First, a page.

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Re: Wireless insecurity at NANOG meetings
- From: David Diaz
- Date: Mon Sep 23 10:21:59 2002
Actually, from a legal standpoint, you put locks on the door same
reason as u would on the wireless. Otherwise an invitation could be
implied. It's hard for someone to argue that they were invited if
they had to use breakin tools. Otherwise I dont think anyone would
have a case, public area, public use lan.... If I was walking through
a hotel and found an open LAN I would assume it was there for a perk
of the hotel.
I still dont see the problem with either side of this discussion. If
we had a minor amount of security, I think the nanog goers could
easily figure it out. If not, a little friendly assistance from the
person sitting next to you and you might just have made a friend.
Payoff with a simple beer later would suffice.
Actually I believe it was Bill Woodcock that sent me mac drivers back
in 1997 for the wireless. I may still owe him a beer though.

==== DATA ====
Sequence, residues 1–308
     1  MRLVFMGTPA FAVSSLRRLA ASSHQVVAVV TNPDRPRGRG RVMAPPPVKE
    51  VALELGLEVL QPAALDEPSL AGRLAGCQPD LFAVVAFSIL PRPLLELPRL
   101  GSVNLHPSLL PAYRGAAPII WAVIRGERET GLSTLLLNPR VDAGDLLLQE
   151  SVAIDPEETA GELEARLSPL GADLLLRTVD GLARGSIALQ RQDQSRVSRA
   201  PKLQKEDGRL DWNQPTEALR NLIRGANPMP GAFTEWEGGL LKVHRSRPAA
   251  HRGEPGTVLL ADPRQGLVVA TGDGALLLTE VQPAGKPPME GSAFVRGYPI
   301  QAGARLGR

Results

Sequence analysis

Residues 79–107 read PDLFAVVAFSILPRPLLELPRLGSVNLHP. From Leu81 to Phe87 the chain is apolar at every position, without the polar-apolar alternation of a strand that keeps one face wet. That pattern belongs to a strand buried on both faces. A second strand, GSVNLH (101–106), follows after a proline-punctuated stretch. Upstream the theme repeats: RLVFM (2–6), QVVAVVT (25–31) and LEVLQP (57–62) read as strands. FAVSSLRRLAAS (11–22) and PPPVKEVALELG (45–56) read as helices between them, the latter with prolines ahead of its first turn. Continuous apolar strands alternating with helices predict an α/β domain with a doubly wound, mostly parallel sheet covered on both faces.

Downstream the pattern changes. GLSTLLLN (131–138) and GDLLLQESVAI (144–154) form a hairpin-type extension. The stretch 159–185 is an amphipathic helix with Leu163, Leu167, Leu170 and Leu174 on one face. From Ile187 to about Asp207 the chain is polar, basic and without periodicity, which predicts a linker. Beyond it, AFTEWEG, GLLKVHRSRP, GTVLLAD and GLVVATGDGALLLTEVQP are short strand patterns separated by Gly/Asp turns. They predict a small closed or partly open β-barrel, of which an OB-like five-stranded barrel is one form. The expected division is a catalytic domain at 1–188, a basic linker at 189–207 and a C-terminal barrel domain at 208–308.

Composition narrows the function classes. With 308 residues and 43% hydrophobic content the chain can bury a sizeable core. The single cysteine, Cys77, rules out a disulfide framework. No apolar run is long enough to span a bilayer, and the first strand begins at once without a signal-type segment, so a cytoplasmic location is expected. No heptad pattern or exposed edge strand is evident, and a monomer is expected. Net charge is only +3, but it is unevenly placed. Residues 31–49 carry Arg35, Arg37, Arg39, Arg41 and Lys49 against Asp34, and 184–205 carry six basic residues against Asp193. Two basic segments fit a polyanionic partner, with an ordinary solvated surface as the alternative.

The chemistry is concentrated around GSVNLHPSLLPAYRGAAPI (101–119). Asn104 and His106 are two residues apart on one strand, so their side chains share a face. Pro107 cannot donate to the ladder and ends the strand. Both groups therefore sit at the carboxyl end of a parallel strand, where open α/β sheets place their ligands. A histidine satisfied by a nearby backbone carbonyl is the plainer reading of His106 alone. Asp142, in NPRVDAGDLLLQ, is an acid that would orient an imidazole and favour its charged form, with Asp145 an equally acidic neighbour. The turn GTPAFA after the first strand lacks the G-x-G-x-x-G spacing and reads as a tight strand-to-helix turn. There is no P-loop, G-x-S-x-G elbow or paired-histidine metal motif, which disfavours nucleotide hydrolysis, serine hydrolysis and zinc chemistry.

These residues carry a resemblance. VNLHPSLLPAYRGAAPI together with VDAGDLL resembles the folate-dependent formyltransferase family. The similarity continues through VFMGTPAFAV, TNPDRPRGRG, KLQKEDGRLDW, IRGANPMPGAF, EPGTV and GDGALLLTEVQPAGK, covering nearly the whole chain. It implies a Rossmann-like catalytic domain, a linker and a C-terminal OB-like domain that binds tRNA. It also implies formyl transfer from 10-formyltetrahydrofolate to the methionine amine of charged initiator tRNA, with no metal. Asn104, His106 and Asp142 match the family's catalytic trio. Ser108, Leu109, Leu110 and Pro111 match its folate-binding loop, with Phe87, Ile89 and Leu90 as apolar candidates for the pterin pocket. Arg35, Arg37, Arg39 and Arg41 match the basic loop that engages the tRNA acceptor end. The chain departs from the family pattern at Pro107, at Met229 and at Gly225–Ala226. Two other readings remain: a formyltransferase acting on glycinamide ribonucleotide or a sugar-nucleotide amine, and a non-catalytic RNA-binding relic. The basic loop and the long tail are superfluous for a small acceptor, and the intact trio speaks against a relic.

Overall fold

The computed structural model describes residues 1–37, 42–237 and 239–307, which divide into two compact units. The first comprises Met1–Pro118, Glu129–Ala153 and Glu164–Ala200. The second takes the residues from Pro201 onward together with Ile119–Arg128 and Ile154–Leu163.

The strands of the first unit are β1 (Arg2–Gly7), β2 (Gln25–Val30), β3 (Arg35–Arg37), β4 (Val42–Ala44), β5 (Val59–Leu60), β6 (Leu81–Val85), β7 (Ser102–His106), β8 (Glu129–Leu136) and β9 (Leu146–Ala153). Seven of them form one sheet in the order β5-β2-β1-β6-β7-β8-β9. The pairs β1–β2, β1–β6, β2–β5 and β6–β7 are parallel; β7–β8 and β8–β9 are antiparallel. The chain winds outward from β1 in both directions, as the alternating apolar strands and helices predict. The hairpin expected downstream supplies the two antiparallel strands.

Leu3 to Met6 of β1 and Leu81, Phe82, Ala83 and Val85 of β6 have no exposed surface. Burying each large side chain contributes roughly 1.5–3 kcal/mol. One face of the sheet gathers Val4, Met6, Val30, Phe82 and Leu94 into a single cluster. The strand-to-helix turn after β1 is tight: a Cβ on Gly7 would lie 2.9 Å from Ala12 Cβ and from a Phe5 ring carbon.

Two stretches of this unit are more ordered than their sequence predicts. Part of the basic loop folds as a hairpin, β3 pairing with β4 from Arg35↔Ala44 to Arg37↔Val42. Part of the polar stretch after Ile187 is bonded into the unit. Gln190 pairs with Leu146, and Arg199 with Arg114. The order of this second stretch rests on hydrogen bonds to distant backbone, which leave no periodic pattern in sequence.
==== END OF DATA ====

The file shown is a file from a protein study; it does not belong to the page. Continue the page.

At 9:04 -0500 9/23/02, Stephen Sprunk wrote:
Thus spake "Sean Donelan" <email@example.com>
There is no useful security mechanism that can be applied to NANOG wireless.
The wireless networks at NANOG meetings never follow what the security
professionals say are mandatory, essential security practices. The NANOG
wireless network doesn't use any authentication, enables broadcast SSID,
has a trivial to guess SSID, doesn't use WEP, doesn't have any perimeter
firewalls, etc, etc, etc. At the last NANOG meeting IIRC over 400
stations were active on the network.
WEP assumes a black-and-white security model, just like most VPNs:
if a user is
on the "inside", they're fully trusted. This is somewhat reasonable in the
corporate world, where all of the users are employees who are responsible to a
common entity, but it has no application to NANOG or other public events where
none of the users are responsible to the operator, much less have
any trust for
each other. There is no sense giving people the illusion of security here.
Many corporations are going to open access-points "outside" their firewall and
requiring per-user VPNs to access any data-center resources. This is the
simplest (and cheapest) solution to deploy and offers security folks the best
options for AAA besides.
I can't say without a sniffer, but I'd bet that most NANOG participants are
doing the same: SSH or IPsec VPN's back to home (wherever that is).
isn't is begging to be hacked, WEP or not. Anyone interested in hacking NANOG
attendees' networks is likely a NANOG attendee himself. Caveat attendor.
Smotons (Smart Photons) trump dumb photons